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David Niven SOTM Night One


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With one night off in between the end of the regular baseball season and the start of the playoffs, I checked out TCM for the first time in two weeks and watched all of RAFFLES and about the first 40 minutes of BACHELOR MOTHER.


Niven was probably one of the very first stars from Hollywood's Golden Age to resonate in my consciousness as he happened to be in several well-remembered films from my childhood: CANDLESHOE, DEATH ON THE NILE, a later PINK PANTHER or two. So, I've always had a soft spot for him. None of those film are airing, I guess, as Ben M. indicated in his first introduction of the night that this retrospective will get no more recent than Niven's '60s work.


I haven't seen the Ronald Colman version of RAFFLES or any of the silent versions, so I don't know how Niven's performance compares. It would be easy, I suppose, to label Niven a poor man's Colman, so it's certainly not surprising he was cast in this film. Interesting to learn from Ben M. that Cary Grant lobbied for the role.


I'm a sucker for cat-and-mouse plots, and there are some fun scenes at the country estate and later at Raffles' flat, complicated not only by the unexpected arrival of a Scotland Yard detective but also a completely independent burglary attempt on the same necklace Raffles covets. There were some nice suggestive moments as when the detective discovers Olivia DeHavilland in Raffles' guest bedroom, and he keeps messing with the tobacco jar.


I was curious how the film would resolve itself, as Hollywood was well into the production Code era by that time. Raffles steals, but he always returns what he steals. Did that really make him a criminal who had to be arrested or killed by film's end, as the Code would have it? I won't reveal the ending for those who didn't watch, but it was surprisingly ambiguous, but still satisfying to the Code, I guess.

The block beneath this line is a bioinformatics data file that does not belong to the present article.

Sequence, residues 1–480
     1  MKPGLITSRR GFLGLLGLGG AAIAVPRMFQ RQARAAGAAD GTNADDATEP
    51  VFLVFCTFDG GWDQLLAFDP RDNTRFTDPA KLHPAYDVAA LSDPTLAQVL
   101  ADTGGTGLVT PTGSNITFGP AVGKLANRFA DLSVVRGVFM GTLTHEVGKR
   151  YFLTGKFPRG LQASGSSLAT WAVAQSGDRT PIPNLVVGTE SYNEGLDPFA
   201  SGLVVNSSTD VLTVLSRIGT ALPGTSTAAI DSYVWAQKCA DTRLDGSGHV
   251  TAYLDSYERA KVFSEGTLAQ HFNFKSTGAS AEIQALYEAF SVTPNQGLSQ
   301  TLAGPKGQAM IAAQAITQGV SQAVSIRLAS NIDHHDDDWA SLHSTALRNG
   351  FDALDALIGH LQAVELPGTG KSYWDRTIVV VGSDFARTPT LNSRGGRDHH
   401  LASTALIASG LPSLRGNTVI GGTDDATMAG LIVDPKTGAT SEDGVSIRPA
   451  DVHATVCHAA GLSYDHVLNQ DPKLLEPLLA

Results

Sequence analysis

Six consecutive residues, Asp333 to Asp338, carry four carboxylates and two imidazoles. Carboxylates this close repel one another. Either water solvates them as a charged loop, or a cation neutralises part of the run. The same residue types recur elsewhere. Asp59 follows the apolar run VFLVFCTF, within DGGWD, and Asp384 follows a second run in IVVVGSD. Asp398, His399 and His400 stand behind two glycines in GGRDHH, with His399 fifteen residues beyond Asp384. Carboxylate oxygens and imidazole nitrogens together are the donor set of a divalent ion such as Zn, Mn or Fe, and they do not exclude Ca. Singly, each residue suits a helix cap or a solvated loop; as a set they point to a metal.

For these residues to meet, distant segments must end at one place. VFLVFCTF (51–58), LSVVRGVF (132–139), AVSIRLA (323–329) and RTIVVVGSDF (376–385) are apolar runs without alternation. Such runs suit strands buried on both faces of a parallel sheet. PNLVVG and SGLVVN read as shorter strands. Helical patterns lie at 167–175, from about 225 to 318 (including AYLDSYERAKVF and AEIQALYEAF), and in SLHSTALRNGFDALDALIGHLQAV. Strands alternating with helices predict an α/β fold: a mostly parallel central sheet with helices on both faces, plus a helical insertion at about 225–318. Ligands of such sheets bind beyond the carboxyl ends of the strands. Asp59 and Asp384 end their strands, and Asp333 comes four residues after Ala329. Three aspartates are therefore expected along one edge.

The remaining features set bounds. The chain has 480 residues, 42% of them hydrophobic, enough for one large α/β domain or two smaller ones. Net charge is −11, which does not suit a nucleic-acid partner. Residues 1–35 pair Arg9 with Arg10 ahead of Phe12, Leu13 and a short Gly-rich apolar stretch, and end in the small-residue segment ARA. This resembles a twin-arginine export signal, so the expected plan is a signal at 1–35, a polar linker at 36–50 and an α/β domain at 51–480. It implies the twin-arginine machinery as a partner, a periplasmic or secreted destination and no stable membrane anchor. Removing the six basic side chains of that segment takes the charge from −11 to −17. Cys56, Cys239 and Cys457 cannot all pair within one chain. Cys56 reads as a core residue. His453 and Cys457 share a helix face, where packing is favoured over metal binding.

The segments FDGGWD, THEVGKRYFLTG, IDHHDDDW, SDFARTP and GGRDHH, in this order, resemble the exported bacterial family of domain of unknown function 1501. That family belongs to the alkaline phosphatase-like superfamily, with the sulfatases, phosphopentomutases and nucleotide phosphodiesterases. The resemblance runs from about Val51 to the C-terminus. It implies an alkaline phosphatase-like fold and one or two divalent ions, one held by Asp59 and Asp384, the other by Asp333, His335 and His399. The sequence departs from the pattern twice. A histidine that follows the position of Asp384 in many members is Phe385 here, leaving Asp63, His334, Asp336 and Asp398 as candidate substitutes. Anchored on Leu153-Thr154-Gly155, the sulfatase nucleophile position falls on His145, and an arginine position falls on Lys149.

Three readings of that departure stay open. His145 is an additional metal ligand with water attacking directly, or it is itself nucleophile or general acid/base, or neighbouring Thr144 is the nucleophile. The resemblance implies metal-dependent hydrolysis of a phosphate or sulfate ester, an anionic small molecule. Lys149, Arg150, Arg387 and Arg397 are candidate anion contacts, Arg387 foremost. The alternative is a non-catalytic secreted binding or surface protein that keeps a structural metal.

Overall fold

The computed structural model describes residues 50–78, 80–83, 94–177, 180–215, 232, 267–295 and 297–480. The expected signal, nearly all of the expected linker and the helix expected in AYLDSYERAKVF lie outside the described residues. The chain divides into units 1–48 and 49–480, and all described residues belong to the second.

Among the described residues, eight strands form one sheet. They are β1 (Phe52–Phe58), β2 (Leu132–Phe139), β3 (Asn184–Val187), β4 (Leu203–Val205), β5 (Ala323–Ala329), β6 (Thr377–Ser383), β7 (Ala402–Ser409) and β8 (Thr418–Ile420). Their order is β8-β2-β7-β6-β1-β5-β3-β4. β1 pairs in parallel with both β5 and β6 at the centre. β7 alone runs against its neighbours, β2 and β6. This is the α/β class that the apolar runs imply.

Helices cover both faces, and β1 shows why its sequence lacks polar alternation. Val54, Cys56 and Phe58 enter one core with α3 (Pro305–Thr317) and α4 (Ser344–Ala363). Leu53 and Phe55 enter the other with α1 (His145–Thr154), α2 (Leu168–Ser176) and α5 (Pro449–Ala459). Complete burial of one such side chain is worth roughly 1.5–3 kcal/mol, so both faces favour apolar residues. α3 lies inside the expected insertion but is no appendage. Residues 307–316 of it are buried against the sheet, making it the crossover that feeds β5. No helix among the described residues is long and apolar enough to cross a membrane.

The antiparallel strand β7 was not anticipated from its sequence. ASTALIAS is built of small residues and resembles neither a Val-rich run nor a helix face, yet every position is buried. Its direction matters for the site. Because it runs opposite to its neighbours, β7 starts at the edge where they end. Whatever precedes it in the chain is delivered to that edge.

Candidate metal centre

I was sort of surprised how short the movie was - about 70 minutes, maybe? It seemed to end rather abruptly, although I suppose there was no more story to tell. Dame May Whitty was a delight, as always.


Not sure if this was before or after GONE WITH THE WIND, released the same year, but these were certainly the kind of roles DeHavilland was trying to get way from, but even on a loanout to Goldwyn from her home studio of Warner Bros., she wasn't having much luck.


I have read a Darryl Zanuck biography that stated Zanuck made sure Niven was persona non grata in Hollywood for close to a decade after their horses collided in a polo match, which, the bio states, is the reason Niven didn't work in Hollywood for several years after RAFFLES. Mankiewicz says it's because Niven went back home to serve in the war, an explanation that seems more plausible, if not as juicy.


While this was my first time to see RAFFLES, this was at least my fifth or sixth time to begin BACHELOR MOTHER in my 15 years now of watching TCM. Somehow, I've never finished it, and I didn't finish it last night. It must always be second on the primetime bill, and I'm usually heading for bed before the second movie of the night is over. So, I've seen the first half of this movie about a half dozen times. I don't know that I necessarily need to see the ending - I feel I could predict it with about 99.9 per cent accuracy. It's probably one of those films where the setup is more interesting than the resolution. There are good five or six laugh out loud moments, like when Ginger Rogers says the baby was a Christmas present and the guy from her department says, "This Christmas or last Christmas?" Ha ha.


Two things always strike me when I watch: that is the lowest-maintenance baby in the history of babies; and attitudes certainly must have been different in 1939. Whereas in 2015, CPS will take your child away from you at the merest allegation, in this film, the "foundling agency" just keeps shoving the baby back into Rogers' arms no matter how often she practically screams that she's an unfit mother!


I think the same guy played Niven's butler in both movies, and he was funny in both.






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